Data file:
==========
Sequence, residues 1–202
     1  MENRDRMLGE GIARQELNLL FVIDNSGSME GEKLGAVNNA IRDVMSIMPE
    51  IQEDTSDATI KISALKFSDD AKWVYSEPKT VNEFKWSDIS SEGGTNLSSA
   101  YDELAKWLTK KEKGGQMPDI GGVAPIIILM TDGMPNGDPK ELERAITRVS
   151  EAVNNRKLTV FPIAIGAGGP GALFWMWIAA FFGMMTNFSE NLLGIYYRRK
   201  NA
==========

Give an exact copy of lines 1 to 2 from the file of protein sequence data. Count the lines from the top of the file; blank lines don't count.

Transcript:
Sequence, residues 1–202
     1  MENRDRMLGE GIARQELNLL FVIDNSGSME GEKLGAVNNA IRDVMSIMPE